Updated: July 27, 2021 3:10:24 am
The Supreme Court on Monday said the CBI “must collect material on its own” to proceed against those accused of framing former ISRO scientist Nambi Narayanan in the spying case, and not merely rely on the inquiry report submitted by the Justice D K Jain committee, appointed by the court.
A bench of Justices A M Khanwilkar and Sanjiv Khanna, which was informed that CBI had registered the FIR in the matter, said, “…after registration of FIR, the investigating agency must collate material on its own and not proceed merely on the basis of the report submitted by Justice D K Jain Committee”.
“In other words,” the bench added, “that report need not be made the sole basis to proceed against the respondents or persons named as accused in the FIR now registered by CBI.”
Twenty-four years after Narayanan’s arrest on espionage charges, which were later thrown out by a court, the apex court had, in September 2018, awarded him compensation of Rs 50 lakh for the “ignominy” and “immense humiliation” he had suffered.
The court also set up a committee headed by Justice Jain to “find out ways and means to take appropriate steps against the erring” police personnel who allegedly framed Narayanan in what came to be known as the ISRO spy scandal — he used to head the cryogenic project at ISRO.
The 2018 order came on a petition by Narayanan, challenging Kerala High Court’s decision to overturn a trial court order directing action against the erring officers.
The committee subsequently submitted its report and, in April 2021, the SC entrusted further probe into the matter to CBI and directed the agency to file a report in three months. The court said that the “report says it’s a serious matter which needs deeper investigation”.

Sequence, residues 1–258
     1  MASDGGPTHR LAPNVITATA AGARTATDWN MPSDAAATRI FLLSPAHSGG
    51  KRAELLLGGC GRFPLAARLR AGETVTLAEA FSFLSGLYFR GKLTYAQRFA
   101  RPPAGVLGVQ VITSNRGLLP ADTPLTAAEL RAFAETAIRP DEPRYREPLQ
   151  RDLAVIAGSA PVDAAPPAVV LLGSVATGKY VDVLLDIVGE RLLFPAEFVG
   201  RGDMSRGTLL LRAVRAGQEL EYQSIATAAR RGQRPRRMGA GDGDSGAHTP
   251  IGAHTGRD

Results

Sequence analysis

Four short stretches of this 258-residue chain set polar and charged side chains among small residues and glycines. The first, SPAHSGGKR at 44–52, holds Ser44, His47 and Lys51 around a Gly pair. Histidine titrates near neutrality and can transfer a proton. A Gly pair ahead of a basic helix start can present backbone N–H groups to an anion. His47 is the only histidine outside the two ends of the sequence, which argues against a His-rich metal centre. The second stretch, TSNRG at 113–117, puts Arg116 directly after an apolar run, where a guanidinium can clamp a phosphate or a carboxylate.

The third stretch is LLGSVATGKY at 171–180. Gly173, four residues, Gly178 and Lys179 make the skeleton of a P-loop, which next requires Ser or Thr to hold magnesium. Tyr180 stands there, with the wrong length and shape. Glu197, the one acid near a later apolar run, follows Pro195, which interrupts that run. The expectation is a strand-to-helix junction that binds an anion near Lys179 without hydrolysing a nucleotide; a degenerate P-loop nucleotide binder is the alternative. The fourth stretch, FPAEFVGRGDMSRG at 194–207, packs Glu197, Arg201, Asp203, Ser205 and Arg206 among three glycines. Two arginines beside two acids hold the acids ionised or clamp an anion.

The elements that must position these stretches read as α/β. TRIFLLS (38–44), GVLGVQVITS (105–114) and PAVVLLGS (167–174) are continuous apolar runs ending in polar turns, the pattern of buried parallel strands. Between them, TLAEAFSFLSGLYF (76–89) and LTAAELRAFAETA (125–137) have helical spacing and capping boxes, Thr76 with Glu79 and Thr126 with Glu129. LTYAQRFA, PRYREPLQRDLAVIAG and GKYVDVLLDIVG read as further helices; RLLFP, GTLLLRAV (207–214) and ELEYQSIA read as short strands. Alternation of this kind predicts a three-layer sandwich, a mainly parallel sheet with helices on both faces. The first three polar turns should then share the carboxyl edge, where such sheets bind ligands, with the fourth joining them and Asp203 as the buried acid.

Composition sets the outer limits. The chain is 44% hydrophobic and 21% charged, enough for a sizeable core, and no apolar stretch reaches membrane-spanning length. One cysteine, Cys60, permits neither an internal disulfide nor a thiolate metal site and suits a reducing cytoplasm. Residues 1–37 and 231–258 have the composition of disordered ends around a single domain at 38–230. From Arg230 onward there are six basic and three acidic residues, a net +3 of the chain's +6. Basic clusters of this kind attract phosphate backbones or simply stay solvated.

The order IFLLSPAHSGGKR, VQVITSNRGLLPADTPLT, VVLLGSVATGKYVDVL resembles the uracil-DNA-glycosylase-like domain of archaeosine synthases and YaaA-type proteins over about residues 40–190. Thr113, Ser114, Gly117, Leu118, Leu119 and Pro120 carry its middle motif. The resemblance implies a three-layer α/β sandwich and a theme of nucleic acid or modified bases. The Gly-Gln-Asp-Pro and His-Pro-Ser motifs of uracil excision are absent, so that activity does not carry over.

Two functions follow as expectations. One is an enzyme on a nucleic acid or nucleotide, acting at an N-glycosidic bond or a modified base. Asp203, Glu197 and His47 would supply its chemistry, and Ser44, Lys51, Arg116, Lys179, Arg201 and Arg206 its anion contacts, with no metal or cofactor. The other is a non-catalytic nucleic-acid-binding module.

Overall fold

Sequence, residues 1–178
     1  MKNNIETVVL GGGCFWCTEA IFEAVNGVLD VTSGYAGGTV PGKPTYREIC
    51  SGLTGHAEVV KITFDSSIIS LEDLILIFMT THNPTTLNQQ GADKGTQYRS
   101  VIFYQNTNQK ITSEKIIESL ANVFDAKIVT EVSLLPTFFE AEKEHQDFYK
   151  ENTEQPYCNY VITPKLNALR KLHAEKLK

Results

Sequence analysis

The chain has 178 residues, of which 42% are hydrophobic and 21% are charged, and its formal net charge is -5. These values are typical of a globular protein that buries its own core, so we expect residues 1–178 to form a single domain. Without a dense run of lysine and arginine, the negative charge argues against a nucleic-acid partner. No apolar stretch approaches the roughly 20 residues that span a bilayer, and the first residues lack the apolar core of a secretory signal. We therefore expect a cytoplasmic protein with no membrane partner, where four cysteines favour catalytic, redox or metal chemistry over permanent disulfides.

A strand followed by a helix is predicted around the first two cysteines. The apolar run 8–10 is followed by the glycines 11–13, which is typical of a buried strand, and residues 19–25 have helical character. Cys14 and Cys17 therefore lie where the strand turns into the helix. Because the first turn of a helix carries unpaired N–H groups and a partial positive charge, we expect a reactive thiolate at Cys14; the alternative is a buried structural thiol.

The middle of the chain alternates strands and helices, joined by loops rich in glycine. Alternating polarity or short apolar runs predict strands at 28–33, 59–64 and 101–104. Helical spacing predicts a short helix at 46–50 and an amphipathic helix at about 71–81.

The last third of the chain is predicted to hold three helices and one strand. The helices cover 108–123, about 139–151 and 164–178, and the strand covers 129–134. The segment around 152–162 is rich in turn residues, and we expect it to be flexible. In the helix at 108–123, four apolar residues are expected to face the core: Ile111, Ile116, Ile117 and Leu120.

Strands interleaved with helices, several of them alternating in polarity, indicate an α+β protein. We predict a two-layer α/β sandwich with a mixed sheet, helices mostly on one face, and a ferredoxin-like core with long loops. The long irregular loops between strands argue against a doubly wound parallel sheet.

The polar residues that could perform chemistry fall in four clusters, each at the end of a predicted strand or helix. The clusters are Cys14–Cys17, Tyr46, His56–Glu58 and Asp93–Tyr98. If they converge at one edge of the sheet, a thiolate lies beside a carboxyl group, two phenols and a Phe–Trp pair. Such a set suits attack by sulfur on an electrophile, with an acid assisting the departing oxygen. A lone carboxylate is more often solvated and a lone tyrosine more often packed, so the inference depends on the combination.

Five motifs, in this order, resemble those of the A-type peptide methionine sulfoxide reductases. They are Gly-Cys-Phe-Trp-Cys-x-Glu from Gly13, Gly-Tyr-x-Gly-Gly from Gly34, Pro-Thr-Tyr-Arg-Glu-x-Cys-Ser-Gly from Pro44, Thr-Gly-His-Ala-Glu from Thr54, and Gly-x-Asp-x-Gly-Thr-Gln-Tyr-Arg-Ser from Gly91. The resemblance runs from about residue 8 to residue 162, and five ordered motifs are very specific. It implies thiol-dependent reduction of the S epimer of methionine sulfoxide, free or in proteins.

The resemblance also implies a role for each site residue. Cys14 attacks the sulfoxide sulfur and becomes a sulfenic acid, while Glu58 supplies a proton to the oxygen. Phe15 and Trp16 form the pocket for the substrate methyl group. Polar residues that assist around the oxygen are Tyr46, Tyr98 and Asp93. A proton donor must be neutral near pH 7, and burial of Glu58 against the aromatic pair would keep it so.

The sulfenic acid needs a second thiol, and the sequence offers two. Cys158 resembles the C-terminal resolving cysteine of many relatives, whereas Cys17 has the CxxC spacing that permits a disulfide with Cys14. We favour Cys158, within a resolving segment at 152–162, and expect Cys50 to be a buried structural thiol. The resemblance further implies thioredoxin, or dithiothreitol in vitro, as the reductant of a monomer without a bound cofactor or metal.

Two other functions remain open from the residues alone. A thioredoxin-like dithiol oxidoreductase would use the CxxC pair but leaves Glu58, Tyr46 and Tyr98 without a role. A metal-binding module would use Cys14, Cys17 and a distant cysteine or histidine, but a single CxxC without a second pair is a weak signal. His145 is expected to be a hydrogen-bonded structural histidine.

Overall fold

On Monday, the SC bench said, “As the Committee report has been finally acted upon, we accede to the request of Mr S V Raju, learned Additional Solicitor General, that the Committee constituted under the orders of this Court may cease to function hereafter.”
The agency sought the court’s permission to upload the FIR, which the bench granted.
The bench added, “Now that the CBI has finally decided to proceed in the matter, further steps after registration of FIR must follow as per law and no directions are required from this Court in that regard.”
The respondents, or those named as accused in the FIR, “can take recourse to all permissible remedies available to them in law, which will have to be decided on its own merits and in accordance with law”, it said.
In October-November 1994, Kerala Police had arrested two Maldives women — Mariam Rasheeda and Fousiya Hasan — and claimed to have uncovered a spy ring in ISRO and leak of sensitive documents. The case was initially investigated by S Vijayan, Inspector, Special Branch, Thiruvananthapuram. Subsequently, the case was taken over by a Special Investigation Team headed by then DIG (Crime) Siby Mathews.
Nambi Narayanan was arrested on November 30, 1994 and the investigation was handed over to CBI on December 4, 1994. In its report to the Chief Judicial Magistrate, Ernakulam, the CBI stated that “evidence collected indicated that the allegations of espionage against the scientists at ISRO, including the appellant herein, were not proved and were found to be false”.
This report was accepted by the court and all the accused were discharged on May 2, 1996. But in a separate secret report to the Centre and state government, the CBI detailed the role played by officials of the IB in the matter.
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